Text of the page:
d) When Joshua and the nation of Israel crossed the Jordan, the testing of their faith did not
stop, they would be subject to testing.
e) Christians are told to be diligent to as to enter God’s rest. How?
f) vs. 12 – God’s Word is the tool to probe our faith and expose problems, issues, etc.
g) And, vs. 14-16 We have a high priest, Jesus Christ, who understands our testing but has
shown us that we can enter God’s rest inspite of temporal testing.
II. Definition of Faith-Rest:
A. Faith-Rest: the process of understanding, believing, and applying the doctrines and promises of
God’s Word in times of testing in the Christian life. Heb 4:1-2
B. Hebrews 3-4
i. Believers in the Dispensation of the Church are required to actively direct their minds entirely
upon the Apostle and High Priest of their confession—Jesus (Heb. 3:1).
a) κατανοέω #2657: to consider attentively, fix one’s eyes or mind upon.
b) ὁμολογία #3671: profession, confession (Heb. 3:1; 4:14; 10:23).
ii. Christ is superior to Moses, even as a son is superior to a servant (Heb. 3:2-6).
iii. Even as the followers of Moses had a promised reward for faithfulness, so do the followers of
Christ (Heb. 3:7-11; Ps. 95:9-11).
iv. The Church faces the same test that Israel faced in the wilderness—the unbelief of the believer
as the manifestation of a hardened heart (Heb. 3:12-19).
C. Faith-Rest is designed to be used by the Christian throughout his lifetime,
i. on a daily basis,
ii. as a technique for maintaining peace and spiritual balance during difficulties, problems,
iii. or disasters in life.
iv. Faith-Rest is one of the Christian’s most important resources in making rapid progress toward
Christian maturity and the production of divine good in the life.
D. There are two reasons why Christians fail to grow and prosper in the Christian life:Faith-Rest Notes 3/12/2014 8:40 PM 3
i. he most common reason for failure to “enter into rest” is a lack of knowledge of God’s plan and
the assets He has provided for us. Christians who don’t know what the Word of God says will
never know the promises of God or the provisions He has made for testing.
ii. The other reason for failure is seen in the Children of Israel of the wilderness generation. They
heard the teaching but did not mix it with faith, so they did not enter into rest (the promised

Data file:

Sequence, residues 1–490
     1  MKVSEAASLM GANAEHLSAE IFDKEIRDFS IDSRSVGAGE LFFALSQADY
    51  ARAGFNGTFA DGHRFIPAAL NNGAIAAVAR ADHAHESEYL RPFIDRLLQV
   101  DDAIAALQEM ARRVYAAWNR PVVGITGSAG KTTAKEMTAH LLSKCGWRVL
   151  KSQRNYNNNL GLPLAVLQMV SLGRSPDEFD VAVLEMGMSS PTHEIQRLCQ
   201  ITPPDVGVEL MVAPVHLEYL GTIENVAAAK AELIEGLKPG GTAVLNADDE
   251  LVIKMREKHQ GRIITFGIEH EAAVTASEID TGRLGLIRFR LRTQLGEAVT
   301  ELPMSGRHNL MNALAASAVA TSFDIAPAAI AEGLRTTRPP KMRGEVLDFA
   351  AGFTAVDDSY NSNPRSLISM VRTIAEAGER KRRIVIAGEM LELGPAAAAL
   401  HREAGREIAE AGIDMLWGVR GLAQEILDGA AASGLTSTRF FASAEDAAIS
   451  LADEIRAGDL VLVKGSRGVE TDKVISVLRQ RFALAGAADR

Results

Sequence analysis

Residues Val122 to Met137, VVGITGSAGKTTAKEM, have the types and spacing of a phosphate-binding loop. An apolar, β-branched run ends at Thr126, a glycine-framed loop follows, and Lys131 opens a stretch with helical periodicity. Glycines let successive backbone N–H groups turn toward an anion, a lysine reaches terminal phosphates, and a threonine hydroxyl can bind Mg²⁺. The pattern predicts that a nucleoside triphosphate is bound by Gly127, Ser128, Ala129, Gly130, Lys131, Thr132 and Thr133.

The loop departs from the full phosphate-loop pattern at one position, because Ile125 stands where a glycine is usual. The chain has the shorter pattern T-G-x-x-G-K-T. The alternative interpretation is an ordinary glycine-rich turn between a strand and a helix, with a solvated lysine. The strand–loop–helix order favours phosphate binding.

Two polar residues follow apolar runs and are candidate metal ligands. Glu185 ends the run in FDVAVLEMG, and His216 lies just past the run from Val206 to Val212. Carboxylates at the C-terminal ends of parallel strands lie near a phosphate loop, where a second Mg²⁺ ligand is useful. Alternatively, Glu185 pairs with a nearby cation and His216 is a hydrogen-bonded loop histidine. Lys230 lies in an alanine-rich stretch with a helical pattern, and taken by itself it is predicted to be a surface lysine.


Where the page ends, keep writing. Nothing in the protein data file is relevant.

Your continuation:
land).

III. Examples:

A. Abraham, who first distrusted, then believed God, Genesis 14, 15
B. The Bitter Water Test at Marah, Exodus 15
C. The No-Food Test and the First No-Water Test at Meribah, Exodus 16,17
D. The “Giant” Test, Numbers 13 and 14
E. The Second No-Water Test, Numbers
IV. The Example of Abraham – Genesis 14 and 15
A. Abram/Abraham is given the promise of land/(too many to count) descendants of numerous
occasions: Gen 12:1-3, 13:14-18, 15:1-2, 12-19, 17:1-2, 18:9
B. Two instances Abraham either seeks or allows alternate solution to God’s plan: Gen 15:2-3, 16:1-4
C. Gen 14:1 See Map1
i. Shinar, Ellasar, and Babylonia are in modern day Iraq
ii. Elam is in modern day Iran
iii. In the days of Abraham, kingdoms were still small, probably not much more than city-states and
thus were not armies that were comparable in size to those who invaded Palestine in later times,
such as Babylon, Assyria and Rome
iv. Goiim means ‘gentile nations’, ‘Tidal’ Hitite name.
v. Objective from their point of view would be economic access to Egypt and minerals.
D. 14:2 – Map 2
i. First war mentioned in the Bible.
1. We have here a prelude of the future assault of the worldly power upon the kingdom of
God established in Canaan; and the importance of this event to sacred history consists
in the fact, that the kings of the valley of the Jordan and the surrounding country
submitted to the worldly power, whilst Abram, on the contrary, with his home-born
servants, smote the conquerors and rescued their booty, – a prophetic sign that in the
conflict with the power of the world the seed of Abram would not only not be subdued,
but would be able to rescue from destruction those who appealed to it for aid. (K & D)
ii. makes reference to Gen 10:10. Elam is a decendant of Shem.
a) Shinar is the name of the land in which were located the cities of Babel, Erech, Accad, and
Calneh. Gen 10:10
E. 14:3
i. Listed in Gen 10:19
ii. The Dead Sea is called the Salt Sea because its average 32 percent saline content is about ten
times more than the 3 percent average of the oceans.
iii. The Hebrew name “Siddim” is derived from a term meaning, “to drag” or “to plow” indicating
that this valley was extremely fertile and was likely a flat and open plain, making it a suitable
place for this battle between the Dead Sea kings and the Eastern kings.
F. 14:8-10 – Notice, that before these two cities were completely destroyed, they were first defeated on
the battlefield. The Lord Jesus Christ who controls history gave these Four Eastern Mesopotamian